Throughout the 2017-18 season, the Duke Blue Devils utilized Marvin Bagley in both face up and back to the basket situations. For instance, the point guard will bring the ball up to the three-point line and passes it to another perimeter player. The second perimeter player will either give the ball to Bagley in the low post or gives it to a third perimeter player, and he will throw it to Marvin in the post to start the process of attempting to get a jump hook. Another example of this is when the point guard will bring the ball up to the three-point line and passes it to Marvin in the low post area. Once that happens, Bagley will attempt to back down the defender with one of his shoulders to get within comfortable range to shoot a jump hook. Unfortunately, Marvin hasn’t been able to add enough muscle mass to his body frame to back down the defender on a consistent basis. As a result, every time Bagley is told to post up he is forced to take a contested jump hook over the defender because he can’t back him down.
However, there are instances where Marvin Bagley will stand at or near the top of the key waiting to receive a pass from the point guard. Once this happens, Bagley will pass the ball to a third perimeter player and proceed to restart the process of posting up. Another example of this is when Marvin receives the basketball at or near the top of the key. Once this happens, he will pay attention to his defender to determine the next course of action. If the defender gave him a few feet of space, he would pull up to shoot the wide-open jumper. On the other hand, if the defender played him tight, he will attempt to drive towards the basket for an easy basket, to draw a foul or attract a double team.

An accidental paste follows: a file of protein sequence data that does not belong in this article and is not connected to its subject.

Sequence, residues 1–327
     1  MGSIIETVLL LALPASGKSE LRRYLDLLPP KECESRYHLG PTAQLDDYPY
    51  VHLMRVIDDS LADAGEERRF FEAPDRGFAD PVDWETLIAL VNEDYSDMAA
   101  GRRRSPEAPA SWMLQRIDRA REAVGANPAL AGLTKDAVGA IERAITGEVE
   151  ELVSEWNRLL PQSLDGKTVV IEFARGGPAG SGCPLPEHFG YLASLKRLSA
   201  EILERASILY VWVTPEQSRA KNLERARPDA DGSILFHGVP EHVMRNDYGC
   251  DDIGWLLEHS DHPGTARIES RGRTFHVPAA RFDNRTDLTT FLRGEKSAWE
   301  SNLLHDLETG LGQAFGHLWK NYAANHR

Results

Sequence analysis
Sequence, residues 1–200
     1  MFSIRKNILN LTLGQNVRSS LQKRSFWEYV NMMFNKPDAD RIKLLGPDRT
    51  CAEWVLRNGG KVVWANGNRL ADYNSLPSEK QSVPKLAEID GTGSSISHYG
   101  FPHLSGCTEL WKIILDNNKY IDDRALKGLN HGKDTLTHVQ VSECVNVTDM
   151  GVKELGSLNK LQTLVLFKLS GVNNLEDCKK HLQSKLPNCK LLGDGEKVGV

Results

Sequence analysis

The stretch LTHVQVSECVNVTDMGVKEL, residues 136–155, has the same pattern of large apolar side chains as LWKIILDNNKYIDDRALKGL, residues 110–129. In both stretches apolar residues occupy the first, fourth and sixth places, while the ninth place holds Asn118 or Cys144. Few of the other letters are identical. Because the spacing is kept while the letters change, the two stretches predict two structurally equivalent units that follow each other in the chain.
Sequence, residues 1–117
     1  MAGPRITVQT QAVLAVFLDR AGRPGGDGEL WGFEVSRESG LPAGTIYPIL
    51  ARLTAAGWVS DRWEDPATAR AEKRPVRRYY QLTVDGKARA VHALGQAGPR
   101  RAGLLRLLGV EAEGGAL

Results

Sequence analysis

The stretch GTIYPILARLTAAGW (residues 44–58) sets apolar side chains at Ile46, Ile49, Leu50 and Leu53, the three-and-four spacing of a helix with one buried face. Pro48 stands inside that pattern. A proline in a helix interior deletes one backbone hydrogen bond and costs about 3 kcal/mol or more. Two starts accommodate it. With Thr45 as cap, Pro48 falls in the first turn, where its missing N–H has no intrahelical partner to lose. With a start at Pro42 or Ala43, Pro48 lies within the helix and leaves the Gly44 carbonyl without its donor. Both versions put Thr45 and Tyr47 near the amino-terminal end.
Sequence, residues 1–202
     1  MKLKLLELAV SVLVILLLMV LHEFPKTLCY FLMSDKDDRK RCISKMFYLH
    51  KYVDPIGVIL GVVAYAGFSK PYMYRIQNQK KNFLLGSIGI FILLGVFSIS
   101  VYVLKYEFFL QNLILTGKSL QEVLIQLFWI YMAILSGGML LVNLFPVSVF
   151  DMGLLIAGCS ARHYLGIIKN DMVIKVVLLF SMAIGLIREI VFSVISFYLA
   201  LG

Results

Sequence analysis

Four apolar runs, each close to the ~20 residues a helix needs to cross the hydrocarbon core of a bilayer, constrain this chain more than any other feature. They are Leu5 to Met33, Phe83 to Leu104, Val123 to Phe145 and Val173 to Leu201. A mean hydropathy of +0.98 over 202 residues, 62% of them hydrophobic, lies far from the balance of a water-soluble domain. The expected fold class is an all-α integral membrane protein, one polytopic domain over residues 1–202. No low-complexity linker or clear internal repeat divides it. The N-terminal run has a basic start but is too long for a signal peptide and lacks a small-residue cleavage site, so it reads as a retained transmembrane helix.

Therefore, the NBA team who drafts Marvin Bagley should use him as a face-up player until he can put on more muscle.